Call for greater action on homelessness after man’s death
Gardaí treating passing of rough sleeper in his mid-30s in Dublin as a ‘tragic incident’
Dawson Lane. Image: Google Streetview
A charity working with homeless people has called for a redoubling of efforts to end the problem after a man was found dead in a Dublin laneway.
The man, who was in his mid-thirties, was discovered at approximately 7am on Friday by a passerby at Dawson Lane. An ambulance attended the scene but the man was declared dead.
It’s understood the man sustained injuries after he tripped and fell.
The ambulance crew notified gardaí who attended the scene and sealed it off.
A Garda spokeswoman described the man’s death as a “tragic incident”. The man has been identified by gardaí and his family has been notified.
No foul play is suspected and a file is being prepared for Dublin City Coroner.
The man’s body was found just minutes away from Molesworth St where the body of homeless man Jonathan Corrie (43) was discovered in a doorway near Leinster House on December 1st last year.
That incident led to a public outcry in relation to the homelessness crisis and the Government pledged to prioritise the matter. Some 271 additional emergency beds were provided in Dublin following the death of Mr Corrie.
The Peter McVerry Trust expressed “deep sadness” about the news and said the man had been engaging sporadically with groups working with homeless people since late last year.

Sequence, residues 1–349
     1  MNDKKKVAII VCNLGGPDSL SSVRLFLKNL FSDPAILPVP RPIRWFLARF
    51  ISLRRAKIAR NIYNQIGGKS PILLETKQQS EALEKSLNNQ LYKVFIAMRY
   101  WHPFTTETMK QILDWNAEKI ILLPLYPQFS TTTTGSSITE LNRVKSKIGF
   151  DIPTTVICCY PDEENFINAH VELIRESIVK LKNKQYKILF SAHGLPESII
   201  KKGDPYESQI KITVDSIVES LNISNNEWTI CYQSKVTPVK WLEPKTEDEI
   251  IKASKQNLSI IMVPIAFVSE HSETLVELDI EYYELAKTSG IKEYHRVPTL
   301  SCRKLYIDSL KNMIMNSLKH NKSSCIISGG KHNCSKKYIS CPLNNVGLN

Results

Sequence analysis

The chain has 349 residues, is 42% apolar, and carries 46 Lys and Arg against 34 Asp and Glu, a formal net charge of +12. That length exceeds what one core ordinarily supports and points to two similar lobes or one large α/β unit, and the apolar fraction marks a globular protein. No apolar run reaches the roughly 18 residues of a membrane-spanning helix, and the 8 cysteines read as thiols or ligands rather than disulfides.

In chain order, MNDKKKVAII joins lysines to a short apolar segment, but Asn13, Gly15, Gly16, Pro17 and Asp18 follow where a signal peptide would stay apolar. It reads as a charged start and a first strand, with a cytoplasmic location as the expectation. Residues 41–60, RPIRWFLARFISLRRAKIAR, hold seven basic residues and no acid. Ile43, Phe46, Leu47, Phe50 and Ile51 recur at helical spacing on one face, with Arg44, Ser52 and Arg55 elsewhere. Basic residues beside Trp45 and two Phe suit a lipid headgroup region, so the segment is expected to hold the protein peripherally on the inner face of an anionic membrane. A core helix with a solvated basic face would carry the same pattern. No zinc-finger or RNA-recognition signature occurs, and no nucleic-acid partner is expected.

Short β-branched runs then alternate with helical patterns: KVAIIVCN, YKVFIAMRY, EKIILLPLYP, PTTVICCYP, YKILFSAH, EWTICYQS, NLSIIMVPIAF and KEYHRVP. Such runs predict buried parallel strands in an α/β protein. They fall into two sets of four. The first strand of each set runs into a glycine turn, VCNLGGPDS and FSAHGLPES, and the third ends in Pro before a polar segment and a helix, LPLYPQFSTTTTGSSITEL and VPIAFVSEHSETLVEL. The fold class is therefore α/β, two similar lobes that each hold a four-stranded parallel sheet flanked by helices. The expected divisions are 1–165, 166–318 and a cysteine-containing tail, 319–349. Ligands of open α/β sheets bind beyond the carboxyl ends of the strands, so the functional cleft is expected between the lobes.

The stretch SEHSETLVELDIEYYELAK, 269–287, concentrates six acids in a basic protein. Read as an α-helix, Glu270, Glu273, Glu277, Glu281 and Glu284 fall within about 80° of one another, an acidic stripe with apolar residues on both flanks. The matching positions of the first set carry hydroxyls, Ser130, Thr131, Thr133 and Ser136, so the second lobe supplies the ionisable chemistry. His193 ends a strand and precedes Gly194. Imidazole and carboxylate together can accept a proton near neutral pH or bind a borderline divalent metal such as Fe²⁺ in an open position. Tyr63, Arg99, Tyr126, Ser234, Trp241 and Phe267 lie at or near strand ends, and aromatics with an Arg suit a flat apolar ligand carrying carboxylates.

“This tragic incident once again demonstrates the vulnerability of people who are experiencing homelessness and all agencies must redouble their efforts to tackle the issue head on,” trust chief executive Pat Doyle said.
“ As we approach winter, a time of even greater risks for those who are sleeping rough, we must do whatever it takes to get people into their own home as quickly as possible.”
The trust has asked people who see rough sleepers to report the locations on to www.homelessdublin.ie.
The Dublin Simon Community said it had this week counted 124 people bedding down in the city and this did not include an additional 50-60 people accessing a night cafe service each night.
“The scale of the problem is unprecedented and the situation is worse than December 2014, where rough sleeping figures were the highest since counts began,” the organisation said.